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Eating-disorder diagnosis may delay, prevent treatment

Each year, millions of adolescents are diagnosed with an eating disorder. While many are labeled with anorexia or bulimia, others are told they fall under the "Eating Disorder Not Otherwise Specified" umbrella - meaning they have disordered eating patterns but don't meet the criteria for a specific disorder. New research, though, shows that this "catch-all" diagnosis may be delaying or preventing sick patients from getting treatment.

In a study appearing in Pediatrics, Rebecka Peebles, MD, an adolescent medicine specialist with Stanford and Lucile Packard Children's Hospital, and colleagues examined health records of more than 1,300 female patients treated for eating disorders. They found:

Nearly two-thirds of the patients studied had EDNOS. As the researchers suspected, the EDNOS category acted as a catchall; patients with partial anorexia were more similar to those with full-blown anorexia than to other EDNOS patients with partial bulimia, for instance. In addition, 60 percent of EDNOS patients met medical criteria for hospitalization and this group was, on average, sicker than patients diagnosed with full-blown bulimia.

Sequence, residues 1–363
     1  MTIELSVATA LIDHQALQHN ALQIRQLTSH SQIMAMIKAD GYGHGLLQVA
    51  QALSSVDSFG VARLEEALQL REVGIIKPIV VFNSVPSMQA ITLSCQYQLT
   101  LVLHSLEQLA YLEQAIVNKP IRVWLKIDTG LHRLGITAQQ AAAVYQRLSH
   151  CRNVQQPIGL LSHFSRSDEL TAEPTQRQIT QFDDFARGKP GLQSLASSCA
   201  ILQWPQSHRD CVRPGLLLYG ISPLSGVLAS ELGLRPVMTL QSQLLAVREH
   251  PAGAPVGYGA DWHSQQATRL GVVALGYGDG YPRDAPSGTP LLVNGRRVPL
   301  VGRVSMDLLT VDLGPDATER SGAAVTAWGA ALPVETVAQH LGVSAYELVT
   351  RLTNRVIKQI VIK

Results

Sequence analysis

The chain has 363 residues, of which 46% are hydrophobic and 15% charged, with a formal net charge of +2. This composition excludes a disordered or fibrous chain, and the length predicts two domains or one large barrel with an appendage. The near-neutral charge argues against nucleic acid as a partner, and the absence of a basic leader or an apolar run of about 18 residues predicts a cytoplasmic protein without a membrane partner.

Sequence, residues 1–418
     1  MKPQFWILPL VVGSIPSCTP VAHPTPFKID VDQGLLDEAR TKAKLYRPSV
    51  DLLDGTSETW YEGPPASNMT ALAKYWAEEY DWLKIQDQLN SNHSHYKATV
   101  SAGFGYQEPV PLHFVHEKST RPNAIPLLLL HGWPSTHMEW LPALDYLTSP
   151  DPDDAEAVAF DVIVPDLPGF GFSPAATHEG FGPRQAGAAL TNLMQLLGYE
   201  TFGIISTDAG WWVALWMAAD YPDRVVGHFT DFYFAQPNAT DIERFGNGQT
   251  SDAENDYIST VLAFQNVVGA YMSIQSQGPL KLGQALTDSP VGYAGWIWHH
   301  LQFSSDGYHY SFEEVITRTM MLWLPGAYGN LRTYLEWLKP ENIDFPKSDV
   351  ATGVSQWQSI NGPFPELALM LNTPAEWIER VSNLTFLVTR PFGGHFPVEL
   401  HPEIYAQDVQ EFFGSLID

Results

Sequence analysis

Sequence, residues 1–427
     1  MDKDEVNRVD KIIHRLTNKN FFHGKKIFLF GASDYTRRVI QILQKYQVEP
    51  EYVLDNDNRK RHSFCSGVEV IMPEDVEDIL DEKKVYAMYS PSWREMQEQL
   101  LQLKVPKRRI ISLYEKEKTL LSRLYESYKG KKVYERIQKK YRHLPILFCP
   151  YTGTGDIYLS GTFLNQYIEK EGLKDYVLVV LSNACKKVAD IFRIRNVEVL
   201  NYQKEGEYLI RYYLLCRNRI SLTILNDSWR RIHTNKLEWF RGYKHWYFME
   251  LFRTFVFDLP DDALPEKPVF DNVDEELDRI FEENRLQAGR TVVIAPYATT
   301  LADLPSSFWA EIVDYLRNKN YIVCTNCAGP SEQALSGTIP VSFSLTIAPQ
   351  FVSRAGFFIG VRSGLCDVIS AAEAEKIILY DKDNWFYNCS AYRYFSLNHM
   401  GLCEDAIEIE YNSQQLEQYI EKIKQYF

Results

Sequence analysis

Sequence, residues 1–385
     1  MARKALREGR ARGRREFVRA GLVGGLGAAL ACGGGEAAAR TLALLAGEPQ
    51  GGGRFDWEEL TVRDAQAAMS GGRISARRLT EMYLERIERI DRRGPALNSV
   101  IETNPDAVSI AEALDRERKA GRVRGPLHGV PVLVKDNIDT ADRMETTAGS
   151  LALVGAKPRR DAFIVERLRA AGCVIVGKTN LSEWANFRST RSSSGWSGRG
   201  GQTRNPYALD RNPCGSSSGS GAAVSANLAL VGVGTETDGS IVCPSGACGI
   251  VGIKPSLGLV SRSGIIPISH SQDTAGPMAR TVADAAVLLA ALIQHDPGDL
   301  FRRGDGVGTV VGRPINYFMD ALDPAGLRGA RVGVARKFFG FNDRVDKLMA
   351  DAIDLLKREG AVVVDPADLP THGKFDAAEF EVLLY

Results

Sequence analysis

Peebles said the findings that EDNOS patients are sometimes as sick as patients with full-fledged anorexia or bulimia suggest that medical criteria for eating disorders should be re-evaluated. It's an important issue, she said, because health insurers provide less coverage for EDNOS treatment than for treatment of anorexia or bulimia. And a diagnosis of EDNOS can also be misleading to parents:

"I think that when parents walk out of a doctor’s office having heard their kid doesn’t meet criteria for anorexia, they’re relieved," Peebles said. But they shouldn’t let their guard down: in many cases, the child’s disturbed eating patterns still need treatment.

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